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In the Mahabharata, Gandhari had the quite traditional roles of daughter, wife, and mother. Even though her sons, the hundred Kauravas, proved to be on the wrong side of righteousness, she was an example of one who practiced sva- dharma, meeting the requirements of her caste and of the stages of life.
Gandhari was the daughter of King Subala of Gandhara, receiving a name referring to her birthplace. She was married to King Dhritarashthra, even though he was blind—because of Dhritarashthra’s lineage and power. Gandhari accepted her father’s choice and literally wedded blindness. From the day they married, she wore a blindfold until her death. She did not wish to see the world that her husband could not see. She gave birth to a hundred sons, the eldest being Dury- odhana, and a daughter, their youngest child, named Dussala. Their birth was made possible by divine powers (siddhis) associated with the sage Vyasa. (For more on these births, see the entry on Duryodhana.)
Gandhari’s brother, Ssakuni, was an evil influence on her sons. He trained the Kauravas in dark magic that gave them power to win by deceit. Duryodhana was his best pupil in cheating at dice. Gandhari was not able to counter thesemale influences. When the Bharata war finally ended with the death of all her sons, Gandhari wanted to curse the Pandavas. However, old Vyasa reminded Gandhari of her blessing at the beginning of the war: that victory should go to the side of righteousness. She realized that the deeds of Duryodhana, Sakuni, and others had been justly punished. She did, however, curse Krishna, whom she held responsible for everything: her curse was that all his heirs should be killed and that even he would die by deceit. This curse was said to be the cause of Krishna’s death from a poisoned arrow of a hunter that hit him in the foot—the only place where he was not protected. (For more on Krishna’s partial invulner­ability, see the entry on Durvasa.)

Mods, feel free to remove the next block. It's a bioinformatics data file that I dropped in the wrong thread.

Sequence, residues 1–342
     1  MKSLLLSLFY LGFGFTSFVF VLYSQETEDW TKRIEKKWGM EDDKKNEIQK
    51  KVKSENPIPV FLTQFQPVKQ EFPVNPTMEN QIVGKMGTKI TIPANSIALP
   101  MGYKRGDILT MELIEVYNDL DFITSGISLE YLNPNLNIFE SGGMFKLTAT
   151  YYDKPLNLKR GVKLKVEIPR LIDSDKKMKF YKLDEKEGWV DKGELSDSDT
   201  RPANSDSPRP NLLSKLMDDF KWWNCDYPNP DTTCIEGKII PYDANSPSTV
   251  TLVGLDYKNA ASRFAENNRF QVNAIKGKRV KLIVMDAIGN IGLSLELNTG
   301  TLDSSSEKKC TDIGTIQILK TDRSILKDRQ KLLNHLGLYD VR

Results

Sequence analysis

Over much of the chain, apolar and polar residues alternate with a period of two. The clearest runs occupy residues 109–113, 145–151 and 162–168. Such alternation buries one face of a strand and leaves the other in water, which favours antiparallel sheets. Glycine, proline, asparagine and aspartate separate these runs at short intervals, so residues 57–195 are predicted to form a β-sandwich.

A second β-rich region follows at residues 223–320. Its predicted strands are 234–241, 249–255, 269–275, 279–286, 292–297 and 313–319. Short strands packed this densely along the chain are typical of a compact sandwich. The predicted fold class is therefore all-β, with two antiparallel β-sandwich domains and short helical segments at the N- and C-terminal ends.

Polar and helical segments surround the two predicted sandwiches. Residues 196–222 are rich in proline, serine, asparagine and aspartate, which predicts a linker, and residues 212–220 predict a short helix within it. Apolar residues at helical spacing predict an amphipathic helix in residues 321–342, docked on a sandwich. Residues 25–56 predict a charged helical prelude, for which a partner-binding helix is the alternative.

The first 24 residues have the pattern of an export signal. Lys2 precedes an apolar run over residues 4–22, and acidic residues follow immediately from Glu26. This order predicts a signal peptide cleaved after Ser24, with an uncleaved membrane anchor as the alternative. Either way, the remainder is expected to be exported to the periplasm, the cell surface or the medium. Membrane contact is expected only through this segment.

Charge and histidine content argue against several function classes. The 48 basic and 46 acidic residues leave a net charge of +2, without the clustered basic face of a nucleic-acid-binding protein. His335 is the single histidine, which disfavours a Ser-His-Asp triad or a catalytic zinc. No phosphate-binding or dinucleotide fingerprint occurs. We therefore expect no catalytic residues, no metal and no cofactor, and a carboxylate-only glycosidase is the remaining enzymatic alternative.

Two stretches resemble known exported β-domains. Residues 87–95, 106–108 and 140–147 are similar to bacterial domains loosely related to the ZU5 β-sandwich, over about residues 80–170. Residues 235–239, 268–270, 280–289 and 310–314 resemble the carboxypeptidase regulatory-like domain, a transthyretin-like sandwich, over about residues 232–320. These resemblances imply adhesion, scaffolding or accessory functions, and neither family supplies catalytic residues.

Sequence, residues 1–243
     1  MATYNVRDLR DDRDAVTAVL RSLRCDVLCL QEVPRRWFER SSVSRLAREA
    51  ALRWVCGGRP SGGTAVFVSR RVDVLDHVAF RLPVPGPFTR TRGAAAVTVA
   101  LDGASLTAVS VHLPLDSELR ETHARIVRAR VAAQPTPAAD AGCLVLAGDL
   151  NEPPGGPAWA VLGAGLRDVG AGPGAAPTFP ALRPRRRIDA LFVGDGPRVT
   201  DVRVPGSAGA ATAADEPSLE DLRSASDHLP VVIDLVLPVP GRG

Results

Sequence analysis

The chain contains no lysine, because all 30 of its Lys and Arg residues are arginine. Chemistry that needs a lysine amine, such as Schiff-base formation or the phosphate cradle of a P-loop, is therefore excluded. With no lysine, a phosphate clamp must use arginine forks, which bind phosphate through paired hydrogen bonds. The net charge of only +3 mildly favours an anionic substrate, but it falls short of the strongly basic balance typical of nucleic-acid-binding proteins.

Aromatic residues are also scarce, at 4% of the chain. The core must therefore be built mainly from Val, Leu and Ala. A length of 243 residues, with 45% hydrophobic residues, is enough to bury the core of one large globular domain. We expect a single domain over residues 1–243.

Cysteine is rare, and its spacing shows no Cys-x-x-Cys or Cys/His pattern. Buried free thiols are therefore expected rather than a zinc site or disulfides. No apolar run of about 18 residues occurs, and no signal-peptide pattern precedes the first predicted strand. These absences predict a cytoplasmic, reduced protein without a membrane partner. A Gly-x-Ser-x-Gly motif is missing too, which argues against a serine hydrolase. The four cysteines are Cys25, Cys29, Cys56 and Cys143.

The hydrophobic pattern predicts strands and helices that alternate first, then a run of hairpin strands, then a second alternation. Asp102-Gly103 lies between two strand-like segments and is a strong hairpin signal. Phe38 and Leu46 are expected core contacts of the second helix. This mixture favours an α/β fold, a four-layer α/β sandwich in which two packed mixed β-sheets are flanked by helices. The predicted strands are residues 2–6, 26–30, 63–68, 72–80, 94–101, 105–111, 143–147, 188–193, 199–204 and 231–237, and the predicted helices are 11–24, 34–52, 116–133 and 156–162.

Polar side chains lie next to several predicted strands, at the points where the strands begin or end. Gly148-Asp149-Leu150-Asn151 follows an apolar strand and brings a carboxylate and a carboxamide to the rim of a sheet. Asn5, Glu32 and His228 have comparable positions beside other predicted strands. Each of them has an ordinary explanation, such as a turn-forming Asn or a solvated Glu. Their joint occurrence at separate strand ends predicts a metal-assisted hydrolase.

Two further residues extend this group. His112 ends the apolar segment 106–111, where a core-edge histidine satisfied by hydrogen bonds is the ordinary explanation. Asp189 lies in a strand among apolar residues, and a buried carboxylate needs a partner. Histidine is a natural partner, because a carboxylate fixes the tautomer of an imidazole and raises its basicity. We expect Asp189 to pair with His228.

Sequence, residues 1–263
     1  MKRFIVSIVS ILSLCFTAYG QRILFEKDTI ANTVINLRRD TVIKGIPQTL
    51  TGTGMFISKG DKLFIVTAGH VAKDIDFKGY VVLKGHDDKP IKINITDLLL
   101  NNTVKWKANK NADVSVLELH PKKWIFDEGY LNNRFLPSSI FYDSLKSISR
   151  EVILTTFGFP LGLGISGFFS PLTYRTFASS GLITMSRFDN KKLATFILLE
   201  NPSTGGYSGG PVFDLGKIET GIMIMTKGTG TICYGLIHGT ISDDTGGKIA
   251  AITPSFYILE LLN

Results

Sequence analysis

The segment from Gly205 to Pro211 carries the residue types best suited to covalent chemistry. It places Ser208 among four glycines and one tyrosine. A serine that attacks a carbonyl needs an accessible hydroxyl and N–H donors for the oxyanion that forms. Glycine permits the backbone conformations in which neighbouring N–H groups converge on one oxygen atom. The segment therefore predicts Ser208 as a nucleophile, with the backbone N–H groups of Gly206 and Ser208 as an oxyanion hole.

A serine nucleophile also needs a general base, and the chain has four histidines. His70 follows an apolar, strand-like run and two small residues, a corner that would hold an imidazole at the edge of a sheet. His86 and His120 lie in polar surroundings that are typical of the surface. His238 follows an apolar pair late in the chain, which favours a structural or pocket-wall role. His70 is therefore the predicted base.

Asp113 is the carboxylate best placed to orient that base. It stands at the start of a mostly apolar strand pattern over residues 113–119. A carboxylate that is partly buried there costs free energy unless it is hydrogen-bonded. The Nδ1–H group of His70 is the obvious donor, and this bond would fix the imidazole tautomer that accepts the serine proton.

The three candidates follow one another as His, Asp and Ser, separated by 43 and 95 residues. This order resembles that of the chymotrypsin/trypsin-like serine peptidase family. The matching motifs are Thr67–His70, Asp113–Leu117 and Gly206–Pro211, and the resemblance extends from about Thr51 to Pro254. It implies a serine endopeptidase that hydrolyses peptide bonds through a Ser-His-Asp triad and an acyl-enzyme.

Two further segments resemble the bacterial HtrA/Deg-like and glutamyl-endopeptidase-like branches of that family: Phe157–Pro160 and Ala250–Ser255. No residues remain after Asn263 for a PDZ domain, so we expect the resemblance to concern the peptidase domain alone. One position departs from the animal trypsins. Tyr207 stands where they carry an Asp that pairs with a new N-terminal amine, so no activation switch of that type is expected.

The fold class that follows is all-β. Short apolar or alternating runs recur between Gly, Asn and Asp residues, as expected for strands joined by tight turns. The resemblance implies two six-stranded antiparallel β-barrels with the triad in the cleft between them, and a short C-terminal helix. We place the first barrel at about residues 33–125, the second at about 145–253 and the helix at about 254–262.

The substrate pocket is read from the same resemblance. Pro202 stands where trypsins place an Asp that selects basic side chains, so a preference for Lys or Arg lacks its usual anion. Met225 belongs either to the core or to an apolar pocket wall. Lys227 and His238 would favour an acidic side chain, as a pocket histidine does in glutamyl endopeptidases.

After the death of all her sons in the battle at Kurukshetra, Gandhari retired into the forest and stayed in a hermitage (asrama). Because of her austerities (tapas), Vyasa came and granted her wish to see her sons and relatives again before she died. After she had bathed in the Ganga, all her dead relatives appeared on the shore. Two days later she died in a forest fire, along with her husband, and their companion Kunti, mother of the Pandavas.